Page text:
updated 11 Dec 2011, 16:44
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Sun, Aug 14, 2011
The New Paper
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Still trying very hard to make babies
by Joanne Soh

They are both 40, have been married for almost two years, and have reportedly been trying to conceive from day one.

So why have MediaCorp stars Fann Wong and Christopher Lee failed? And have they given up?

No way, says Wong, though she finds it all "very complex".

So what are they doing about it?

Well, it seems some of it is too raunchy to tell us.

They are also said to have tried traditional Chinese medicine, and their workaholic lifestyle has been blamed for none of all this producing any results.

Wong had told Shin Min Daily News on their wedding night that her most important task was to give Lee a baby.

And last December, she told The New Paper that she hoped to have a baby born under the Leo astrological sign (August-September) this year.

Missed the boat this year

Well, it's obvious that she has missed that boat.

When we met Wong two weeks ago at the press conference for her latest Channel 8 drama, On The Fringe, she said: "Yes, yes, yes! We're still trying!

"I've been reading a lot of books, and getting to know my body. I'm still learning the whole process. It's very complex!"

They had received a lot of advice from various people, touching on everything from prayers to food.

"People have also told us to try strange methods, which were mostly taught to Chris," she said with a laugh, adding that "these are too raunchy andX-rated to be printed!"

Lee was not available for comment and it is notknownif medical issues have been ruled out.

Local comedian-host-actor Mark Lee, 42, said he had introduced the couple to traditional Chinese medicine (TCM).

He and his 37-year-old wife tried various methods for eight years before their first child wasconceived in 2008. The couple will be welcoming their second child later this month.

"I recommended my (TCM) doctor to Fann and Chris. I think it's important for us to make sure our bodies are well-nourished and are in tip-top condition," said Lee.

"My wife and I took the prescribed Chinese herbal medicine for a year and it worked for us," he added.

However, he thinks his advice may not have been followed through.

"I don't think Fann and Chris have dutifully brewed the medicine. One must be persistent when it comes to Chinese medicine. I think they drank the medicine for only one or two months," he said.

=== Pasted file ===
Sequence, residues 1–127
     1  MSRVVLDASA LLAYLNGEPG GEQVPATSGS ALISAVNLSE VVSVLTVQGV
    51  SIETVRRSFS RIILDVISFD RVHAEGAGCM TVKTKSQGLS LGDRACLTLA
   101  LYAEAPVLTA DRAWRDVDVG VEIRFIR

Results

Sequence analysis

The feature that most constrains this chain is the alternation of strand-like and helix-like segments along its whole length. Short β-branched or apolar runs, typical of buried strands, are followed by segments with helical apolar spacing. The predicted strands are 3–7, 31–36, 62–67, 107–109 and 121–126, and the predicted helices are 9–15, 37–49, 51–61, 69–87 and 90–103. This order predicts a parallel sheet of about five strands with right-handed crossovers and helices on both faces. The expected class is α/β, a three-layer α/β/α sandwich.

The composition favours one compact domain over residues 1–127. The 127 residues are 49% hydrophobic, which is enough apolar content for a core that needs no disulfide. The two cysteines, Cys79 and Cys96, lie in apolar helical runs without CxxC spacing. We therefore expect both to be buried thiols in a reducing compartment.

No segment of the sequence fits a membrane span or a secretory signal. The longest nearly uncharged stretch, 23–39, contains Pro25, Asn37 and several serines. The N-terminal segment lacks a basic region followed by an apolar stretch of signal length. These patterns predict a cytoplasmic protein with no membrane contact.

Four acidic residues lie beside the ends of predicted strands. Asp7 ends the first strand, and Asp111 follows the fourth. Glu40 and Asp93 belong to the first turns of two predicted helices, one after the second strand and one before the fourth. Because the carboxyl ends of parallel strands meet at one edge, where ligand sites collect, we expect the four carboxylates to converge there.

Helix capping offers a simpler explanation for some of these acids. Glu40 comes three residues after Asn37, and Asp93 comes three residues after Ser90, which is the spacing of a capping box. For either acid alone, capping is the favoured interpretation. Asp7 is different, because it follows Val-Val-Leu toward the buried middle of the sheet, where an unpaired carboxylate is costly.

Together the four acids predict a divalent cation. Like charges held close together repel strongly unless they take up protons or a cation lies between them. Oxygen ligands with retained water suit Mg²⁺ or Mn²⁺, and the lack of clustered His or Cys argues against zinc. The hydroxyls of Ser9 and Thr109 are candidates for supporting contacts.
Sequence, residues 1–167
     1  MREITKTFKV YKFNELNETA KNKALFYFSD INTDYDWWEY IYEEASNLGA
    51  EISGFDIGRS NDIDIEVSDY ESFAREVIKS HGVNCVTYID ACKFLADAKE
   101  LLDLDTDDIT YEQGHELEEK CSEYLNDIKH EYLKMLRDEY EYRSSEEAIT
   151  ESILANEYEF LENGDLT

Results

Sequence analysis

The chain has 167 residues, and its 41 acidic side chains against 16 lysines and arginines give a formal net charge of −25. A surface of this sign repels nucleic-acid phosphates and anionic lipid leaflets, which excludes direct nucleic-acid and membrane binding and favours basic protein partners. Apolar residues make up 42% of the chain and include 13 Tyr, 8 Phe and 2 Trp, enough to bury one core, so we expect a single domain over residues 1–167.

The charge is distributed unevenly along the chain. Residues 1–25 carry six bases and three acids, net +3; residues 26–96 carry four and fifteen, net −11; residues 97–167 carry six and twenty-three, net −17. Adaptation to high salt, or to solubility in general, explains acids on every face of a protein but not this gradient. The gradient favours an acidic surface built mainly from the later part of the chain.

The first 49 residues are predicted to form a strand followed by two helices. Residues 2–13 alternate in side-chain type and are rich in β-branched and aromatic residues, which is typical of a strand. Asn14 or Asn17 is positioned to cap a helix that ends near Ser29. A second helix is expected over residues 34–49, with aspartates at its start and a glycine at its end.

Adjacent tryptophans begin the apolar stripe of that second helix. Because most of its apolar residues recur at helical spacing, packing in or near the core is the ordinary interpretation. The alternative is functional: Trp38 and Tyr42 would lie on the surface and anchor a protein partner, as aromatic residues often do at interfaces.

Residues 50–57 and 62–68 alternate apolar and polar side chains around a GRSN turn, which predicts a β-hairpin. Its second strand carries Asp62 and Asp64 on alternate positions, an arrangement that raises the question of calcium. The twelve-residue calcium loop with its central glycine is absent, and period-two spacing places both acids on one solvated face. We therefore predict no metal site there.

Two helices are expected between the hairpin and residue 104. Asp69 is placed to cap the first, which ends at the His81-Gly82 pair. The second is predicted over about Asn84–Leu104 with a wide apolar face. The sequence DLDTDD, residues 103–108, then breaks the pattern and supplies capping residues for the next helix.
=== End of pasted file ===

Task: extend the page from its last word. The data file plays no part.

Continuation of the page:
He attributed the lack of commitment to the couple's extremely busy lives.

Celebrity hairstylist David Gan, 48, made the same point.

"They are both workaholics," said Gan when asked about his god-children's baby-making progress.

"Fann's either busy working in China or Chris is tied up with his filming schedules. It's very important for them to find time for themselves.

"If they're not together at all,how can they have babies?"

But Wong is taking it all in her stride.

She is hoping that the road to motherhood will not be "too stressful", as she plans to have more than one child.

She is even willing to give up her career if the situation calls for it.

"Some sacrifices have to be made when you have a child. You can either choose career or family. You just have to work out the equation yourself.

"I know of a lot of working parents where one spouse would give up their jobs because they realise they've not been spending much time with their children. They are an inspiration."

But she cautioned that "parents shouldn't focus just on work or hot-house their children".

"I believe all problems start from the family. But if you shower your children with lots of love and attention, they won't be influenced by peer pressure so easily.

"Kids learn so fast these days - whether it's right or wrong. They need guidance."

Wong certainly sounds ready to take on her new role, but she - and the rest of Singapore - may have to wait a little longer.

Gan said: "You cannot force such things. Just let nature take its course.

"I don't think we should give them the extra pressure by asking them all the time. It's a private matter after all."

This article was first published in The New Paper.


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